Guus Bakkeren

Adjunct Professor

Academic History

  • B.Sc., M.Sc, Wageningen Agricultural U., Netherlands (1984);
  • Ph.D., U. of Basel, Switzerland (1989);
  • PDF, Friedrich Miescher Institut, Basel, Switzerland (1990); 
  • Research Associate, Biotechnology Laboratory, UBC (1990-1997); 
  • Research Scientist, Agriculture & Agri-Food Canada, PARC, Summerland, BC (1998-present).

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Contact Information


Research Interests

Molecular genetic and cell biological understanding of plant-microbial interactions including attributes that make microbes pathogenic such as pathogenicity and virulence factors including fungal mating systems. Plant responses to infection such as recognition and accommodation of biotrophic fungi. Action of effectors that may jam host defence signalling networks, but also effectors that elicit defense and resistance responses (avirulence effectors).

Research Program: Genomics on major agricultural fungal pathogens: the basidiomycete wheat leaf rust fungus, Puccinia triticina, and the barley covered smut fungus, Ustilago hordei. Generation of whole genome sequences and annotation efforts, bioinformatic database mining and comparative analyses among rusts. Wheat rust fungus population studies. P. triticina pan-genome analysis and its potential for diagnostics. Analysis of fungal and host transcriptomes (gene expression patterns) and proteomes during P. triticina – wheat and U. hordei – barley interactions and infection. Special interest in (secreted) virulence and avirulence factors triggering defence and resistance in the host. Support breeding efforts for resistance, and to develop alternative rust disease management strategies.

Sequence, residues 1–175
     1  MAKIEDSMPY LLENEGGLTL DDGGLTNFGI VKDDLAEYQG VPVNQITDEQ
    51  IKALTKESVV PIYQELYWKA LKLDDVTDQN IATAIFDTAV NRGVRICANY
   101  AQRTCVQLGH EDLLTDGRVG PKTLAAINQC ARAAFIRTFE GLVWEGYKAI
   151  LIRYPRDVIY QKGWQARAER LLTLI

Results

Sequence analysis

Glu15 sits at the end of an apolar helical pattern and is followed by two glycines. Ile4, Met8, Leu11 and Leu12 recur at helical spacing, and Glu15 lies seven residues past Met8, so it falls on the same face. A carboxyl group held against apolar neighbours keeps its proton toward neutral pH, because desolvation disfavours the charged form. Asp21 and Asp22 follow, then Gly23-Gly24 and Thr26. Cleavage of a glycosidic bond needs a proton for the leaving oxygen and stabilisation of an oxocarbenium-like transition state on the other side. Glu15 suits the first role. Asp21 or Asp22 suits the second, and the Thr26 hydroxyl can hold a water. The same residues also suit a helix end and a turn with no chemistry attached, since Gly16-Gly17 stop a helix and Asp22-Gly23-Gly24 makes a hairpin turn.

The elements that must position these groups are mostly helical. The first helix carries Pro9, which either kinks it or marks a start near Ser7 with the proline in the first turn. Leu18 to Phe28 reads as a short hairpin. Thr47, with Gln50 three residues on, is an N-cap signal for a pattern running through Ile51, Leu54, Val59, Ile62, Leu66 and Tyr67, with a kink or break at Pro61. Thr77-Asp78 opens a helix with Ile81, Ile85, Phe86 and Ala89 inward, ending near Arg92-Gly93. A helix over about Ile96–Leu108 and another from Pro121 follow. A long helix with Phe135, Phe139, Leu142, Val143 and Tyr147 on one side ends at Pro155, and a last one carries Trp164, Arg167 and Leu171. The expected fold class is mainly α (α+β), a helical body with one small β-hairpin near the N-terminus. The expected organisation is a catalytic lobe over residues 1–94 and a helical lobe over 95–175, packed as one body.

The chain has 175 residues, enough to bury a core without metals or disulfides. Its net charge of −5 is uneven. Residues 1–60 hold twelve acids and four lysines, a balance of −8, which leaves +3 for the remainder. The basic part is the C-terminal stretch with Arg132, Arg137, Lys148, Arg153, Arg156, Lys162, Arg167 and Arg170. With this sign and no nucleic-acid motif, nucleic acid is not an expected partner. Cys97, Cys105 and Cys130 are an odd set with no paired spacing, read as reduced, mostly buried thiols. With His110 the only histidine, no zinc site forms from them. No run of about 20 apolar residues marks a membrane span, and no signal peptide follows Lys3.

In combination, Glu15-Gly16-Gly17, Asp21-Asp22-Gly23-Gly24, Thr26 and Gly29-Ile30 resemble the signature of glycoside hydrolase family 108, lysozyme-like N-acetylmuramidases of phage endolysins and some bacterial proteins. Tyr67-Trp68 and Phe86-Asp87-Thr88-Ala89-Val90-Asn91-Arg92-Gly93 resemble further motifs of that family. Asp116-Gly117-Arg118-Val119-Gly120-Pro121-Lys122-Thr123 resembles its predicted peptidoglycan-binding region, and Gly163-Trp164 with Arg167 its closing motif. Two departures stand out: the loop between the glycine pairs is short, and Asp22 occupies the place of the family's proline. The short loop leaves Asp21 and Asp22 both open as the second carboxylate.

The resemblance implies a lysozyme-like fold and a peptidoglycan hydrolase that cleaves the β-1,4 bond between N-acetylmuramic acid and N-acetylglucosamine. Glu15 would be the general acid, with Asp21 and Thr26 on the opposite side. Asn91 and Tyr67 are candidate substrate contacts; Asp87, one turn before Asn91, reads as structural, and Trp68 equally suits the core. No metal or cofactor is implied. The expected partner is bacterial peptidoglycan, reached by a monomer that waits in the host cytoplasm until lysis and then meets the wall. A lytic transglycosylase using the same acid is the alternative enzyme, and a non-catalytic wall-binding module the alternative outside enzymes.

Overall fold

Long term objectives: to understand the mechanisms by which pathogenic fungi cause diseases on Canadian cereal crops, and vice versa, by which host plants mount defenses, in order to design novel methods to introduce more durable disease resistance into Canadian crops.

Impact: Our efforts will contribute to the development of germplasm harboring broad-spectrum disease resistance and to more environmentally friendly and sustainable production of crops. Consumers will benefit directly from the availability healthier products which contain reduced or no pesticide residues, and indirectly from a less polluted environment. Producers will benefit from decreasing dependence on toxic pesticides and more economical and environmentally-sustainable production methods.

Organization: TheAgriculture & Agri-Food Canada Science & Technology Branch conducts research in 20 federal AAFC centres across Canada.. My group is located at the SuRDC (Summerland Research & Development Centre; Bakkeren lab at Summerland, BC).

Current collaborations:

Scientists at AAFC-Cereal Research Centre, Morden, MB, Lethbridge, AB, and Ottawa, ON

Faculty at the Michael Smith Laboratories (Kronstad and Li), and Dept. of Botany (Li, Zhang), and the Georg August University in Goettingen (dr. Ivo Feussner), supported by NSERC-CREATE (“PRoTECT – Plant Responses To Eliminate Critical Threats”) and DFG-IRTG grants to jointly train the next generation of molecular plant pathologists